If you write a book or story and plan to circulate it amongst your local community or circle of acquaintances, then self-publishing might be just what you want. However, if you have starrier eyes and envision your book in Barnes and Noble someday self-publishing is probably not for you. Don’t get me wrong, both options have their pros and cons.
Advantages of self-publishing include actually getting your book out there for people to see. For instance, I’ve had people online ask me where they can buy the current book I’m promoting. I get excited when my writing genuinely engages someone I’ve never met before. But when that happens it’s difficult to have to say to these eager readers, “I’m sorry, but this story isn’t published yet.” However, before you jump on the self-publishing bandwagon realize that there are two potential drawbacks of going this route. One, you have to do all the promotion, management, web work, touring, salesmanship, etc. required to get your book out there by yourself. Some people thrive on this, and some not so much. Two, and possibly the most important, literary agents will not want anything to do with your book once you self-publish it.
Why should you care? Well, for better or worse, the publishing industry works in set ways. To get a book out in a bona fide bookstore usually requires three major steps (and I’m simplifying here). One, you need a literary agent. They handle the business side of things, and they have the contacts to get in good with a publishing house. Two, most reputable publishers wont even talk to you without a respectable literary agent. Three, the publishing house then gets your book to the next stage, the actual Barnes and Noble, Borders, and other major stores where you can really promote your book. Since most literary agents look down on self-publishing, getting immediately rejected by them for self-publishing can be a major drawback if you want to ever see your book make the big time. The vast majority of successful books go the agent route and not the self-publishing one.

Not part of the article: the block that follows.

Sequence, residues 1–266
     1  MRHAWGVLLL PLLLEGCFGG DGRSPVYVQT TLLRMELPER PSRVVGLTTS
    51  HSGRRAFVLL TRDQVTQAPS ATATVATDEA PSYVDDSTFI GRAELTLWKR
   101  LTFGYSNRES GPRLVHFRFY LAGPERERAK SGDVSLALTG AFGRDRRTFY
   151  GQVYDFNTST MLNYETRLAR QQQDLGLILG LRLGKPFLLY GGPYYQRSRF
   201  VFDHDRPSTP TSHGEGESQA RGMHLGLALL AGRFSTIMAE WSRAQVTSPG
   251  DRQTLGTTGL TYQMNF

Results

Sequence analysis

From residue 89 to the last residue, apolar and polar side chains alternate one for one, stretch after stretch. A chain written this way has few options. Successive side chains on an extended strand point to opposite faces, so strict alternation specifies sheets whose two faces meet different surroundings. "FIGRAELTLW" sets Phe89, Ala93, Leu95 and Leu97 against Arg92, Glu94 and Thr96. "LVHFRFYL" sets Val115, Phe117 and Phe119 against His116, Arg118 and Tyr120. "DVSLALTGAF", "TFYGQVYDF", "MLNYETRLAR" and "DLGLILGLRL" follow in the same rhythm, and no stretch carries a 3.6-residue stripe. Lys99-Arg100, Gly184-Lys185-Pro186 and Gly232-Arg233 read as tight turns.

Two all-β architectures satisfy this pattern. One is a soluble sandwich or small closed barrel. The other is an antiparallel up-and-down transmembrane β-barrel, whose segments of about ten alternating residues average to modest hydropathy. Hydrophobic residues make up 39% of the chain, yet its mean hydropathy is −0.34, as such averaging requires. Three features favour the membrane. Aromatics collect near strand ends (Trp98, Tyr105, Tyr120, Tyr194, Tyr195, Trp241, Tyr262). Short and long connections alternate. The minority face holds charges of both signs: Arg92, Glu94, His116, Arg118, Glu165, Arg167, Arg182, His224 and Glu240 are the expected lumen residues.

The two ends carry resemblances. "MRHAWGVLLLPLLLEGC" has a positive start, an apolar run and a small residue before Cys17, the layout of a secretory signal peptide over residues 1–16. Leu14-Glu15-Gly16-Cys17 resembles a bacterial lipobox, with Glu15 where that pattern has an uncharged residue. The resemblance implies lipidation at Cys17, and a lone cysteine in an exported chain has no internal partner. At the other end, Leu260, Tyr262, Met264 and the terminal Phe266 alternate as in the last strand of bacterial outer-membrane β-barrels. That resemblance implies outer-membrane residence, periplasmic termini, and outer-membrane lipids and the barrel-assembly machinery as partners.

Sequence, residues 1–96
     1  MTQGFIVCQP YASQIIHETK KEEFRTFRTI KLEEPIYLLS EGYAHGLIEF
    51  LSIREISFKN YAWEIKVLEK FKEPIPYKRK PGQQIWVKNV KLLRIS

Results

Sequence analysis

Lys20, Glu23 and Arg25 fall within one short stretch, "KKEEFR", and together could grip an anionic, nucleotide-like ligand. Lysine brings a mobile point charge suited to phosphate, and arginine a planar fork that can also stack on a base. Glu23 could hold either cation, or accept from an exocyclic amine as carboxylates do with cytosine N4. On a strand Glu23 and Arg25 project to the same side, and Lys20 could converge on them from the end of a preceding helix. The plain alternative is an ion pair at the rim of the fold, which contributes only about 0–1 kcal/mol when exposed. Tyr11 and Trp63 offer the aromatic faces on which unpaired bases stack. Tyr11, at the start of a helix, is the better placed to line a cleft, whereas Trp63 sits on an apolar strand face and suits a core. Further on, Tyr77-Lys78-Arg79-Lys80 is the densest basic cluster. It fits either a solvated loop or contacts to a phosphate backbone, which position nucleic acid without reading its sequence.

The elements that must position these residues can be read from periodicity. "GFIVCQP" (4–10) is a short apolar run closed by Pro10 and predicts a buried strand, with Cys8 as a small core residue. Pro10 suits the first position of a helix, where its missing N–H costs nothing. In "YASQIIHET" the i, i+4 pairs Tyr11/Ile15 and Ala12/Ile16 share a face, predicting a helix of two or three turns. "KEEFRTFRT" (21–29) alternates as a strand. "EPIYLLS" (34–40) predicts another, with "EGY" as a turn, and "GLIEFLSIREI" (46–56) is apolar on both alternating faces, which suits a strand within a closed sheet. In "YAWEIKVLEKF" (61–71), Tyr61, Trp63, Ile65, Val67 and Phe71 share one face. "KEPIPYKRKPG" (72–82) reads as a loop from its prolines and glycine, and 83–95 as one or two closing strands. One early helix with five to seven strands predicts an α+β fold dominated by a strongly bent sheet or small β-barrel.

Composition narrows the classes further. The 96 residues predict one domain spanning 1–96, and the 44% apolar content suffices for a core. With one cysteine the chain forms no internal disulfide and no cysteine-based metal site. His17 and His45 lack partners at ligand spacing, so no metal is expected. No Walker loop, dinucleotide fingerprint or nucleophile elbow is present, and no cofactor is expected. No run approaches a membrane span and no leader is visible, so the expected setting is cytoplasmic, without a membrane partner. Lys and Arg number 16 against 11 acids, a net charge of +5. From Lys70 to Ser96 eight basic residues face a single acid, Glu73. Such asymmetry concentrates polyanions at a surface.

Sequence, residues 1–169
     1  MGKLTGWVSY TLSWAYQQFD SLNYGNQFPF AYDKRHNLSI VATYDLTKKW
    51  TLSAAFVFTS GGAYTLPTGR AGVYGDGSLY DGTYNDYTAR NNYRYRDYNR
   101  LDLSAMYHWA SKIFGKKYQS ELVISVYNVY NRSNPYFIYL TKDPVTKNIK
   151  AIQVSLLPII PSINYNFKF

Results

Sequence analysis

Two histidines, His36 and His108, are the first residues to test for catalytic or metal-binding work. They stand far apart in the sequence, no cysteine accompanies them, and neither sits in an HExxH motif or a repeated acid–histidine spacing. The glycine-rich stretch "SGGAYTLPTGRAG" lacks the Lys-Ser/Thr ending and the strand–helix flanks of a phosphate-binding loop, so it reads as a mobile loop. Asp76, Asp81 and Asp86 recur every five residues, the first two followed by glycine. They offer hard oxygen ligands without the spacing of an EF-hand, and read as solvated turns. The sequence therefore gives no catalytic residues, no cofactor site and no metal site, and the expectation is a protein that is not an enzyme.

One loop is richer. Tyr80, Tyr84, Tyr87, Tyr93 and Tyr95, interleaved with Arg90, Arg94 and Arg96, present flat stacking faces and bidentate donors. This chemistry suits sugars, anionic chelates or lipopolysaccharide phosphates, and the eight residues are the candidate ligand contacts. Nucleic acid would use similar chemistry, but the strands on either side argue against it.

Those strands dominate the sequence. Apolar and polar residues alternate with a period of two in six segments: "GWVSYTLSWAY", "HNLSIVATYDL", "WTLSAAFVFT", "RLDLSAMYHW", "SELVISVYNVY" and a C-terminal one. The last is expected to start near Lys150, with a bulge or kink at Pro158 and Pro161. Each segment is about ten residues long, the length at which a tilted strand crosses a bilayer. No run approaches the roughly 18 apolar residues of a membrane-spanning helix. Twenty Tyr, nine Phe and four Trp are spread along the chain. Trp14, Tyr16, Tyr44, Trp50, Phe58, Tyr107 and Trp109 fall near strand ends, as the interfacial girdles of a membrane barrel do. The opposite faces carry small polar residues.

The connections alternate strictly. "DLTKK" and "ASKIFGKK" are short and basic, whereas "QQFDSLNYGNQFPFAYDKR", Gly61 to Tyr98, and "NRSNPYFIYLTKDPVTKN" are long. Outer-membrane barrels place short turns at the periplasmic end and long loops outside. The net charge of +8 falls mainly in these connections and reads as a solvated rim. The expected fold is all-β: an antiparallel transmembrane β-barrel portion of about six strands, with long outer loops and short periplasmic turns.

This doesn’t mean that self-published books never go big or get picked up, but it’s extremely rare. It may discourage you to have to wade through the tedious journey and numerous rejection letters that lead to securing a literary agent who will actually agree to represent you, but it’s usually the only viable long-term solution. This is the key difference between self-publishing and not self-publishing. In the short-tem self-publishing can be satisfying because you can actually get your book out to people you know. One fellow writer of mine self-published and actually sold over 1,000 copies of his novel online, checkout his site at http://mercuryfalls.net/. However, most major authors that you’ve probably heard of went the other route via a literary agent, and they almost certainly wouldn’t have gotten that agent if they had self-published. Such is the stigma.
Neither route is a bed of roses, whether you run your own self-publishing site or you attempt to court a prominent literary agent. I myself am trying the latter, and although I’ve generated some genuine interest and gotten good feedback it’s been a long journey and one I will continue to pursue despite the difficulties. I hope that this blurb has helped and if anyone has other experiences or books they’ve read on the subject that may shed some light on this please let me know. Thanks.